Of course, many readers of Money & Mission are below age 50. However, there is no reason not to start to develop healthy eating patterns, and a taste for the foods mentioned above, in one’s twenties, thirties and forties. And all of us should welcome tips for enhancing our abilities to do a better job as we support the Army’s front-line workers!
30 years: a look back and a dream for the future! – Part II
by R. Paul Goodyear, Financial Secretary
Much has changed in the 30 years since I joined the finance department at THQ. Part II continues a discussion of the changes that were introduced in the last issue of Money & Mission.
Commencing in 1989, we reorganized the accounting at THQ to specialize for function (accounts receivable, accounts payable and general ledger), rather than by fund, and began to upgrade the qualifications required of staff, with financial support provided for existing staff to further their education and skills.
Although THQ had been computerized in the early 1980s, it was much later in the decade before DHQs and some ministry units started using computers for accounting tasks. The Shelby system was first piloted in three corps in 1992; over time it was adopted as the standard for units that wished to computerize before finally being mandated for use in all units.
The financial systems at THQ have been replaced three times: in 1993, we implemented Powerware, in 1999 Masterpiece was adopted, and in 2015 Agresso was put in place for all of the Army’s operations, except National Recycling Operations, which has been brought onto the system effective April 1, 2017.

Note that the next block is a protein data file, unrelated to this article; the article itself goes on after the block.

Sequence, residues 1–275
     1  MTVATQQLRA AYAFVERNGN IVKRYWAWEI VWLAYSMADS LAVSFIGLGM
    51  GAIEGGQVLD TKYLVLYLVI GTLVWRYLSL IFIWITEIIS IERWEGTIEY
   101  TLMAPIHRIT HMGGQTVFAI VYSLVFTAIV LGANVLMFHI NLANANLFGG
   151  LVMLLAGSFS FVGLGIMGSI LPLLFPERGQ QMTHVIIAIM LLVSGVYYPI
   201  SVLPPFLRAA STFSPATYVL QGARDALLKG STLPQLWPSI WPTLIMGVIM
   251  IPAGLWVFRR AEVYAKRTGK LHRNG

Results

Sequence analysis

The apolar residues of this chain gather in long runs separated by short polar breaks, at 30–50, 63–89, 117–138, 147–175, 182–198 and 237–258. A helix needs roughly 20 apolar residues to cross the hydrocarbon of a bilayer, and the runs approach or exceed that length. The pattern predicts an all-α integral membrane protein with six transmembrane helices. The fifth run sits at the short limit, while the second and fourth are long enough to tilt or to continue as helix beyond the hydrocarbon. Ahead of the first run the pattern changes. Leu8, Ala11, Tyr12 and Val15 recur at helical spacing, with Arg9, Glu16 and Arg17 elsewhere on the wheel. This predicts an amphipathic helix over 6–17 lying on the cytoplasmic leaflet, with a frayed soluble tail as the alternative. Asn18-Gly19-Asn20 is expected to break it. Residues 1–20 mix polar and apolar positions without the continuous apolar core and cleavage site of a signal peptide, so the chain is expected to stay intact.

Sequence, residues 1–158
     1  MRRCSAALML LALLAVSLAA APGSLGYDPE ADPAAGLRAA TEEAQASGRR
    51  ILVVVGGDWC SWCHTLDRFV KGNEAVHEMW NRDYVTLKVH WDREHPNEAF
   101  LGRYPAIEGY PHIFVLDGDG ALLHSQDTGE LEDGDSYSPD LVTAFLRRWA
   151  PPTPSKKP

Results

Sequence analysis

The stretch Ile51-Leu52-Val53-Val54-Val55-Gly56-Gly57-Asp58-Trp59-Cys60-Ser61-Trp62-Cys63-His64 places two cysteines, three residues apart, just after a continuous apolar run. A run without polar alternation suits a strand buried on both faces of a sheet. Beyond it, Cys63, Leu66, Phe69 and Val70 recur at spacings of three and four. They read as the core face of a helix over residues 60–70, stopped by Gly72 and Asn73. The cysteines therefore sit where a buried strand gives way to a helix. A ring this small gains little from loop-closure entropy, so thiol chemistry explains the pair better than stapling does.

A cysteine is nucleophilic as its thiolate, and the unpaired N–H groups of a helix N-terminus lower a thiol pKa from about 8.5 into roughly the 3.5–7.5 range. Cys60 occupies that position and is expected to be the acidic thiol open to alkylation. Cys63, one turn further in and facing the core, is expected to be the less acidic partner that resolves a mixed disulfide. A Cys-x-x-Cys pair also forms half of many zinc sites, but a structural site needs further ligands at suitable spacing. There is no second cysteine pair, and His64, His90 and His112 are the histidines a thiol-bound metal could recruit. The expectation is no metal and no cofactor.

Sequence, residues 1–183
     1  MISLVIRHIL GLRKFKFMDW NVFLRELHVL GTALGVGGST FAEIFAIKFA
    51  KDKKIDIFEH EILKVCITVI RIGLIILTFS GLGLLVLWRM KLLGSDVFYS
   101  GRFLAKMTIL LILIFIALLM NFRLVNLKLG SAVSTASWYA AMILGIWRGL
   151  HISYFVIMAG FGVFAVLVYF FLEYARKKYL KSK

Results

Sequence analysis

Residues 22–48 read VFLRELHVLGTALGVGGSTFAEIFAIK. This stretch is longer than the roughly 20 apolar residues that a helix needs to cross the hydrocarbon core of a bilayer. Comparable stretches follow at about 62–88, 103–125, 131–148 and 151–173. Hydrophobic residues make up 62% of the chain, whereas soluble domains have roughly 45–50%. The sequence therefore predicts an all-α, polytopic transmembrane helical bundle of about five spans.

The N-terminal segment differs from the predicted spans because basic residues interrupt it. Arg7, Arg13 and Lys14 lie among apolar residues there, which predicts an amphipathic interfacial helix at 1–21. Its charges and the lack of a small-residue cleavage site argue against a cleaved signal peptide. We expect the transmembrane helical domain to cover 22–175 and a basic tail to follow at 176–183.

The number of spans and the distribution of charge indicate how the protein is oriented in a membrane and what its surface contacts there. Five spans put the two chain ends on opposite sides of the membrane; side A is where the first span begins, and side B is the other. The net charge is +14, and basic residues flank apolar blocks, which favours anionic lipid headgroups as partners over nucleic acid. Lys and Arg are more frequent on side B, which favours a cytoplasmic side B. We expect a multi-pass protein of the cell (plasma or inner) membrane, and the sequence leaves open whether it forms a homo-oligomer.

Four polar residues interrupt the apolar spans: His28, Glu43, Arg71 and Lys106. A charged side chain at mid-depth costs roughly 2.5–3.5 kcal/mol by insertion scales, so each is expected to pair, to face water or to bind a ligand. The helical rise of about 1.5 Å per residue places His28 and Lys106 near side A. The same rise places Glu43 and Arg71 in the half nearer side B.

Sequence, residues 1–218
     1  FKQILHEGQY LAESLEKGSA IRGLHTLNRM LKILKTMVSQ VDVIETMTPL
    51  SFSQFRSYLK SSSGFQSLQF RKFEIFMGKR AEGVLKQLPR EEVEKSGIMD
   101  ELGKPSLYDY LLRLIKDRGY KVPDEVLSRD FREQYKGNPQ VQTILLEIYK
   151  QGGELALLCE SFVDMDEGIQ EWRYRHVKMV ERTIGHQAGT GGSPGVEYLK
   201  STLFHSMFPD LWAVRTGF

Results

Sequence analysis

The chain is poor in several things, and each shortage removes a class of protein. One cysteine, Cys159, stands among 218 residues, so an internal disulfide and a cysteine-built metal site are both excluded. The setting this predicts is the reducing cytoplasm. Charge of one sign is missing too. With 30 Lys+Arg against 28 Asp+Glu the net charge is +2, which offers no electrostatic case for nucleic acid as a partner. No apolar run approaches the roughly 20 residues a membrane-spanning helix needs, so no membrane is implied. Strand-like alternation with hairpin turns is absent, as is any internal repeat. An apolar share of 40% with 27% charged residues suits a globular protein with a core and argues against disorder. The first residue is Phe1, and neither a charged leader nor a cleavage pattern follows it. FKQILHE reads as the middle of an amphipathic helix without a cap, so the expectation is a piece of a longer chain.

Although the implementation of Agresso represented a difficult transition for many users, most have conquered it over time and things are running much more smoothly today. Of particular note is the move to electronic workflow with the elimination of the need for written signatures on paper documents, and the ease of reporting on a unit, division and territory basis.
In 1993 we introduced the first regular management report for the Territorial Finance Council, a package of schedules with analysis and narrative that helped provide the leadership of the Territory with better information to assist in making decisions. Today, the report is issued quarterly to all key leaders at THQ and DHQs.
In part III, we will examine the changes that were required to meet the expectation for consolidated financial statements.
Who's Who: Pam McLuskey
Pam McLuskey is the director of accounting in the finance department’s Calgary office. She has been with the department for 15 years.
She manages the Calgary Office and its 20 staff members, who provide accounting services to 91 ministry units in the BC and Alberta/NT divisions.
She qualified as a Certified General Accountant in 1998, and with the recent merger of the professional bodies she is now a CPA, CGA. Her entire career has been spent in the not-for-profit sector.
Pam has lived in Calgary for almost 40 years, but originally hails from Saskatoon. This year she will have been married to her wonderful hubby for 30 years and has two sons, aged 22 and 16.
For more information...
For more information about the Finance Department, please visit http://salvationist.ca/departments/finance/
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Money & Mission Editorial Team
Design Editor & Production Manager:
The Salvation Army Translation Department